Reviews for 100-Year-Old Man Who Climbed Out the Window and Disappeared


Booklist Reviews 2012 September #2
Desperate to avoid his 100th birthday party, Allan Karlsson climbs out the window of his room at the nursing home and heads to the nearest bus station, intending to travel as far as his pocket money will take him. But a spur-of-the-moment decision to steal a suitcase from a fellow passenger sends Allan on a strange and unforeseen journey involving, among other things, some nasty criminals, a very large pile of cash, and an elephant named Sonya. It's just another chapter in a life full of adventures for Allan, who has become entangled in the major events of the twentieth century, including the Spanish Civil War and the Manhattan Project. As Allan's colorful and complex history merges with his present-day escapades, readers will be treated to a new and charmingly funny version of world history and get to know a very youthful old man whose global influence knows no age limit. An international best-seller, this is an engaging tale of one man's life lived to the fullest. Copyright 2012 Booklist Reviews.

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Kirkus Reviews 2012 August #2
A Swedish debut novel that will keep readers chuckling. Allan Karlsson has just turned 100, and the Old Folks' Home is about to give him a birthday party that he absolutely doesn't want. So he leaves out his window and high-tails it to a bus station, with no particular destination in mind. On a whim, he steals a suitcase and boards a bus. The suitcase's owner, a criminal, will do anything to get it back. This is the basis for a story that is loaded with absurdities from beginning to end--the old coot has plenty of energy for his age and an abiding love of vodka. The story goes back and forth between the current chase and his long, storied life. From childhood, he has shown talent with explosives. This knack catches the attention of many world leaders of the 20th century: Franco, Truman, Stalin, Mao and Kim Il Sung, to name a few of the people he meets. Want to blow up bridges? Allan's your man. Want much bigger explosions? Just pour him a drink. He's neither immoral nor amoral, but he is certainly detached, and he is absolutely apolitical. In the past, he insults Stalin (luckily, the translator faints), learns Russian in a gulag and walks back to Sweden from China, barely surviving execution in Iran along the way. In the present, he meets a strange and delightful collection of friends and enemies. Coincidence and absurdity are at the core of this silly and wonderful novel. Looking back, it seems there are no hilarious, roll-on-the-floor-laughing scenes. They will just keep readers amused almost nonstop, and that's a feat few writers achieve. A great cure for the blues, especially for anyone who might feel bad about growing older. Copyright Kirkus 2012 Kirkus/BPI Communications.All rights reserved.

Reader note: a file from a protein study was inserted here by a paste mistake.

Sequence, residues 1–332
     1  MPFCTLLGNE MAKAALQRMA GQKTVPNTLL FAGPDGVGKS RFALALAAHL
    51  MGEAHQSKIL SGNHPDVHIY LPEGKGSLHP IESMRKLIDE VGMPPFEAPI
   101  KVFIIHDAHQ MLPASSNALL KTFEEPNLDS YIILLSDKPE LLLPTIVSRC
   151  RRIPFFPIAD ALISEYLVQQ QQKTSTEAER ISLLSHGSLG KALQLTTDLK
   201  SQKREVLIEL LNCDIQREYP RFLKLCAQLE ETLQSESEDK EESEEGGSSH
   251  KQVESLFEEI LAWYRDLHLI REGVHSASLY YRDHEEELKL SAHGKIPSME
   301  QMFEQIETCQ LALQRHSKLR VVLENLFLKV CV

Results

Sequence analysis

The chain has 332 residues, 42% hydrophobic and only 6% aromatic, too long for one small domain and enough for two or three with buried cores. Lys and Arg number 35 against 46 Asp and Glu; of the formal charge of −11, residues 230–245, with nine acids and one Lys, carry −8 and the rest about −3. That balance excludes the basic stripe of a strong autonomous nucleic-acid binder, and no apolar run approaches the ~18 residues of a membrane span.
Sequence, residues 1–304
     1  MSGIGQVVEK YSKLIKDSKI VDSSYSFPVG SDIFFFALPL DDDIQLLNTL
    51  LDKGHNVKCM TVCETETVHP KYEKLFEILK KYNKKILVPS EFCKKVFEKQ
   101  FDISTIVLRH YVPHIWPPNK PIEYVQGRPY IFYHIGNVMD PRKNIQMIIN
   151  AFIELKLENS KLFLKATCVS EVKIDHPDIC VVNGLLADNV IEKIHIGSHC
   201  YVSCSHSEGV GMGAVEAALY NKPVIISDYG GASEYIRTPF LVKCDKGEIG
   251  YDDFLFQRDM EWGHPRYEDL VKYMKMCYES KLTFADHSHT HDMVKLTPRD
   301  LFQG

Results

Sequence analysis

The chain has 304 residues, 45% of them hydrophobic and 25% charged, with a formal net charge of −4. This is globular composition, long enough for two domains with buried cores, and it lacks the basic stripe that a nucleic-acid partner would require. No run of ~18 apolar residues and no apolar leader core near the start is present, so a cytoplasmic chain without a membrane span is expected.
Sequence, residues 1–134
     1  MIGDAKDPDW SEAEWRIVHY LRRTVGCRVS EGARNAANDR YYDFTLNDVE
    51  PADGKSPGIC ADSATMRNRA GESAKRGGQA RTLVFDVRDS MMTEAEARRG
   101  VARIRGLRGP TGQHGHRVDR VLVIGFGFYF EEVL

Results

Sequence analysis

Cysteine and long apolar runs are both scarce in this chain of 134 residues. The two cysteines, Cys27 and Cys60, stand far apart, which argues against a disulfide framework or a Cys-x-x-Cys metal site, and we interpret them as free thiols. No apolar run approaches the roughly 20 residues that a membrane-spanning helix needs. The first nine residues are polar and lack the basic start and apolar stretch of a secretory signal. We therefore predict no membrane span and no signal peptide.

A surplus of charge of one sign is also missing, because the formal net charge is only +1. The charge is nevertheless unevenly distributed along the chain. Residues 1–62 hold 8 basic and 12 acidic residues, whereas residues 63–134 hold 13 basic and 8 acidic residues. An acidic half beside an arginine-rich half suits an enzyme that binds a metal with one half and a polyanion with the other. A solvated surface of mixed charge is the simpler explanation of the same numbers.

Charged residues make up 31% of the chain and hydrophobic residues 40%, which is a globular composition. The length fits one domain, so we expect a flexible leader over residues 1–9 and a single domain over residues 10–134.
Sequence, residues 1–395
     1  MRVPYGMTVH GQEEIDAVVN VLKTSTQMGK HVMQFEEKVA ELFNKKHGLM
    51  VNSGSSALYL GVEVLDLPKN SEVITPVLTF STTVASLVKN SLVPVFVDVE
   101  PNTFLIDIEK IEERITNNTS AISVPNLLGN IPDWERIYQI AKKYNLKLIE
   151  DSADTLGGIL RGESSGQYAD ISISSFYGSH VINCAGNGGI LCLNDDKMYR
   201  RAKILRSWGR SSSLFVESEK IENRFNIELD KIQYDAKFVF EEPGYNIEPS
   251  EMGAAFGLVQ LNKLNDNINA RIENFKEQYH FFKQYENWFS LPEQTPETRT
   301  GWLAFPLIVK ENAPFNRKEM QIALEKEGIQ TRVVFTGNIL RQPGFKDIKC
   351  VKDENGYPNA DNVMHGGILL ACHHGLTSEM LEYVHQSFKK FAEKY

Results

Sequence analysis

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Library Journal Reviews 2012 September #1
Swedish author Jonasson received rave reviews in Europe for this first novel, a best seller there. But this picaresque tale with its deadpan humor is not your typical American­-style blockbuster. Allan Karlsson, the centenarian who sneaks out of his nursing home, is an expert on explosives who has led an outsize life. In his travels, he has not only met just about every famous and infamous world leader but has inadvertently played a significant role in many world events. The book has been compared to both Forrest Gump and Zelig, but while this novel is not sentimental like Forrest Gump, neither is it as funny as Zelig. Chapters alternate between Allan's big adventures in the past and in the present, where he gets mixed up with a zany bunch of Swedes and a former circus elephant as they try to avoid both cops and gangsters. VERDICT This quirky novel is a sly, satirical look back at international relations in the 20th century through the eyes of an old man who has seen it all.--Leslie Patterson, Rehoboth, MA (c) Copyright 2011. Library Journals LLC, a wholly owned subsidiary of Media Source, Inc. No redistribution permitted.

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Publishers Weekly Reviews 2012 July #3

Jonasson's laugh-out-loud debut (a bestseller in Europe) reaches the U.S. three years after its Swedish publication, in Bradbury's pitch-perfect translation. The intricately plotted saga of Allan Karlsson begins when he escapes his retirement home on his 100th birthday by climbing out his bedroom window. After stealing a young punk's money-filled suitcase, he embarks on a wild adventure, and through a combination of wits, luck, and circumstance, ends up on the lam from both a smalltime criminal syndicate and the police. Jonasson moves deftly through Karlsson's life--from present to past and back again--recounting the fugitive centenarian's career as a demolitions expert and the myriad critical junctures of history, including the Spanish Civil War and the Manhattan Project, wherein Karlsson found himself an unwitting (and often influential) participant. Historical figures like Mao's third wife, Vice President Truman, and Stalin appear, to great comic effect. Other characters--most notably Albert Einstein's hapless half-brother--are cleverly spun into the raucous yarn, and all help drive this gentle lampoon of procedurals and thrillers. Agent: Anna Soler-Pont, Pontas Literary. (Sept.)

[Page ]. Copyright 2012 PWxyz LLC

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